The Gain control works opposite Lift, darkening the lightest parts of the image while keeping the black point of the signal where it is. Gamma, for its part, redistributes the entire signal between the black and white points in order to brighten or darken the middle values of your image while leaving the brightest and darkest parts of your signal mostly alone.
The whole point of the Lift/Gamma/Gain scheme of controls is to provide targeted control over specific regions of tonality. You can apply a subtle adjustment to the darkest regions of your image without affecting highlights, or you can apply a creative color adjustment to the highlights or middle tones of your image without affecting its darkest blacks.
Some applications, like Adobe Speedgrade, use Offset, Gamma, and Gain as their primary adjustment controls. Others, like Resolve and Baselight, have a separate Offset control that's available in another mode. When used to adjust color balance, an Offset control raises and lowers the entirety of every channel, resulting in an adjustment throughout the entire tonal range of the signal, as seen below. Meanwhile, Gamma and Gain controls work the same as those in a Lift/Gamma/Gain system.
When used to adjust image contrast, an Offset control raises or lowers the entire signal by a single amount. This is also sometimes referred to as a Setup control by applications that reference the terminology of an older generation of analog signal processing equipment (such as the TBC or time-base corrector). Since the signal is not compressed in any way, lifting the signal too high can push the lighter areas of the signal out of bounds, shown below.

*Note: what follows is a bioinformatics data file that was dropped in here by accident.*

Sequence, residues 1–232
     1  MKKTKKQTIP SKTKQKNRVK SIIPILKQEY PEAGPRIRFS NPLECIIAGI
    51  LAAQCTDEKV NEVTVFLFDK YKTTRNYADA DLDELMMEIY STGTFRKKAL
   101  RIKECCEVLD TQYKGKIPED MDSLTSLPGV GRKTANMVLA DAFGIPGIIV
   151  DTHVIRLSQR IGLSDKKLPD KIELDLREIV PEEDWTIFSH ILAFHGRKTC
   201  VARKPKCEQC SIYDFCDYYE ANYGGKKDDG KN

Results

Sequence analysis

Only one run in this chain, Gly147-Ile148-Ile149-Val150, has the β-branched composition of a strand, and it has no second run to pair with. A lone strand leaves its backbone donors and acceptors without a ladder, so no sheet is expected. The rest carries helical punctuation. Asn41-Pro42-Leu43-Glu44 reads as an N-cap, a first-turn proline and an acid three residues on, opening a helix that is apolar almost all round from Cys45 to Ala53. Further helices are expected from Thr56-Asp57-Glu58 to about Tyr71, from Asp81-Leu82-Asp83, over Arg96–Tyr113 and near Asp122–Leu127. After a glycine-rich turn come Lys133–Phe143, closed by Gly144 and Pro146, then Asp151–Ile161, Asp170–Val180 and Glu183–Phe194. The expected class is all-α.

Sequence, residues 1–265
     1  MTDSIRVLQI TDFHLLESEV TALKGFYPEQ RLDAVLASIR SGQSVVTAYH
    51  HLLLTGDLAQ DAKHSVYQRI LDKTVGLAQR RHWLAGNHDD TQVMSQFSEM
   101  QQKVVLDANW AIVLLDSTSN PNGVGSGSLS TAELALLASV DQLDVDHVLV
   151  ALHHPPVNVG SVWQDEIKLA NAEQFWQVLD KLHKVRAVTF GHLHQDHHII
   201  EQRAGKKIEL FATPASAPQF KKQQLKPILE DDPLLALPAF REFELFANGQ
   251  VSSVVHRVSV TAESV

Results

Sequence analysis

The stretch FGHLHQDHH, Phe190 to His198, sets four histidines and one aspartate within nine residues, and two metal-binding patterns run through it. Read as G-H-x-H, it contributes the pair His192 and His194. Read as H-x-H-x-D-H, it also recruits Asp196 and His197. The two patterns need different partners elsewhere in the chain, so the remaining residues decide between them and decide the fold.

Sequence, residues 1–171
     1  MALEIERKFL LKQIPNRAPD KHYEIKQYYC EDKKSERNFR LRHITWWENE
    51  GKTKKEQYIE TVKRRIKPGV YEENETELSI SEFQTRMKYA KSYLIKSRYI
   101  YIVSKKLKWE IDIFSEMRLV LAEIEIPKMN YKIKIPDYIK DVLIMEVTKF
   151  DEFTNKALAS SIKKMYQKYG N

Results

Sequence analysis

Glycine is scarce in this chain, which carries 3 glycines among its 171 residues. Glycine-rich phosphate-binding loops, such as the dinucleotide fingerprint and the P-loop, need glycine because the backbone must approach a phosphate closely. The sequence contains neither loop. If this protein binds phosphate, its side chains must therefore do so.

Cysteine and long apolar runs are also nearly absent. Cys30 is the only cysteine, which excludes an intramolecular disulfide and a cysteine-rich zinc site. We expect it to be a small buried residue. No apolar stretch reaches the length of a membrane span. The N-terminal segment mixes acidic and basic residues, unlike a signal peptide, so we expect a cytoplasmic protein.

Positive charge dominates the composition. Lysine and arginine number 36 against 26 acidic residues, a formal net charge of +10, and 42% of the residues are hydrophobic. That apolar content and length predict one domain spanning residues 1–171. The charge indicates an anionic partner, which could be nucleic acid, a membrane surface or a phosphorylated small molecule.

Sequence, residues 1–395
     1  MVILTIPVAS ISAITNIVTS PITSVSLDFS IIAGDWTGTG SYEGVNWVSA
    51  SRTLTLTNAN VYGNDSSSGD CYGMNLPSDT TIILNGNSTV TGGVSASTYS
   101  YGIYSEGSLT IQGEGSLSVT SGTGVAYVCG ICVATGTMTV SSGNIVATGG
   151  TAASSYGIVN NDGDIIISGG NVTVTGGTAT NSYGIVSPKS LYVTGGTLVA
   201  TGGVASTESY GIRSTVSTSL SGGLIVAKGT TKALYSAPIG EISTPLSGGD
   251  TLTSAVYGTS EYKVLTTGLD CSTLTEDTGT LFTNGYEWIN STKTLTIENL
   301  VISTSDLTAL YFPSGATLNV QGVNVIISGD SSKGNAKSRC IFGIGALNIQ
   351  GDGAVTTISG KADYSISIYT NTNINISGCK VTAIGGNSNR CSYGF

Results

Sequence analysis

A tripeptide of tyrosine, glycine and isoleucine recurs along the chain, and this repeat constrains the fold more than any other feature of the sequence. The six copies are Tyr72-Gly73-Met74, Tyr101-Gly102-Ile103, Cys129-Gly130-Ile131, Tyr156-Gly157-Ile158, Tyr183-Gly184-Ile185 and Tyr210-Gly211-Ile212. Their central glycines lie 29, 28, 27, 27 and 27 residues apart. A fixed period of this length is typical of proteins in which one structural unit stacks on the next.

To account for this, Offset controls are usually accompanied by Contrast controls, that let you stretch or squeeze the video signal around a central pivot point. This provides an ability to expand or compress image contrast that's similar to using Lift and Gain together, but using different (and sometimes more convenient) math.
You'll typically adjust an offset control first, since that transforms the color and/or contrast of the entire signal and sets your starting point. Offset is great for dropping the black point when the overall signal would benefit from being similarly darker, and for adjusting color balance on images with significant color casts when you want the result to affect the darkest shadows through the lightest highlights. Then, you can use either Contrast/Pivot or Gamma/Gain controls to adjust other parts of the signal as needed.
Incidentally, there's a mathematical definition of Offset/Gamma/Gain, codified by the ASC CDL. CDL-compliant controls work according to the following equation—
output = (input x slope + offset)power
This math maps to your controls as follows—the Gain control sets a slope by which the input signal is multiplied, the Offset control sets a value that is added to that result, and the Gamma control applies a power function to the overall result. CDL-compliant controls are very specific, and applications that don't adhere to this math must of necessity apply a mathematical transformation when either importing or exporting CDL adjustment data to take how their own controls work into consideration.
Bottom line, using Offset rather then Lift, or vice versa, requires a slightly different way of thinking depending on what you're used to, but you can get where you need to go in the end.
Get articles like this in your inbox: Sign Up